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Friday, June 25, 2021

Ask Ms. Scientist: sports fanatics and caffeine

Dear Ms. Scientist,

Is there any science as to why some people get so emotionally involved while watching a sports game?

Jacob R.

There aren’t many fans as dedicated to their object of obsession as sports fans. Being Badgers here at UW-Madison we can all attest to this: When the team wins, it feels like a win for all; same goes for a loss. The team is our team. There is, in fact, some science as to why we feel so attached to our teams. When one witnesses their team win, their testosterone levels spike. Increased testosterone may account for an individual’s increased aggression. Additionally, seeing your team perform well may lead to a dopamine rush. Dopamine is a neurotransmitter that controls the brain’s pleasure centers. Hence, excess dopamine means excess pleasure. Most interestingly, mirror neurons, or certain cells in the brain’s premotor cortex, may ignite while watching a sports game. These mirror neurons are what cause an individual to feel empathy and hence, a fan may feel more emotionally attached to the game when these mirror neurons are activated. Specifically, fans may internalize what they see and feel as if they are playing the game themselves. Mirror neurons have memorized all of your previous actions. When you witness something familiar, they go off and you understand everything associated with that action, including all of the emotions. Watching a player score a touchdown, thanks to your mirror neurons, causes you to feel as if you are scoring a touchdown, and that’s why a fan becomes so emotionally involved.

Dear Ms. Scientist,

What are the dangers of drinking too much coffee?

Spencer O.

Drink more than two cups of coffee and your body may begin to feel tricked by the effects of caffeine. Consuming excess amounts of caffeine not only stimulates your brain but your muscles and heart as well. Even before you finish your first cup, which contains 95 milligrams of caffeine, your heart rate increases. After a few more cups, your muscles may spasm and you may become restless. Vision impairment is also a symptom of high caffeine consumption. The upper eyelid may twitch, light sensitivity becomes an issue and vision may become blurred. Consuming more than 1,000 milligrams of caffeine and, well, your mind may start to become caffeine’s new home. Those who regularly consume this high amount are at risk for symptoms similar to anxiety disorders. Hallucinations and delusions are also possible for those who consume such high levels of caffeine. This is because caffeine is a psychoactive drug. However, studies have shown that consumers who have heard auditory hallucinations were quite stressed prior to drinking so much coffee; in other words, a person’s current state should also be taken into account. Long term, osteoporosis, or the weakening of the bones, may be brought on by extreme caffeine consumption. Drinking too much coffee can break down tooth enamel, dehydrate your body and affect your sleep patterns. A strong cup is a great way to start the morning or give you a boost in the afternoon, but be careful about how much caffeine you’re actually drinking.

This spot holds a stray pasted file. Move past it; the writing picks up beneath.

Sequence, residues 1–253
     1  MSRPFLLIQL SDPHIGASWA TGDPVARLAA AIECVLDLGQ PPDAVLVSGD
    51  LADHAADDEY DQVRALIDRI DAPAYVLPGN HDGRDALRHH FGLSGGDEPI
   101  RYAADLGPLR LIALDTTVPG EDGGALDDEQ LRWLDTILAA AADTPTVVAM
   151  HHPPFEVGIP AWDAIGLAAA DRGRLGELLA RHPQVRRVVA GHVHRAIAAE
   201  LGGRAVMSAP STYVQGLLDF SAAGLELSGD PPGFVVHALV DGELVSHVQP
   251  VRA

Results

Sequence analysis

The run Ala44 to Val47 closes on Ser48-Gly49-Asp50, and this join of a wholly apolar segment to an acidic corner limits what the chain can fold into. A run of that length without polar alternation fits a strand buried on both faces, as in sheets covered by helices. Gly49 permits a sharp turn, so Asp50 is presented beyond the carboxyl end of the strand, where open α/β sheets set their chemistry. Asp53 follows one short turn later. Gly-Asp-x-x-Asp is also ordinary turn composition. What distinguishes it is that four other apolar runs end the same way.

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Ask Ms. Scientist is written by Julie Spitzer. If you have a burning science question you want her to answer, email it to science@dailycardinal.com.

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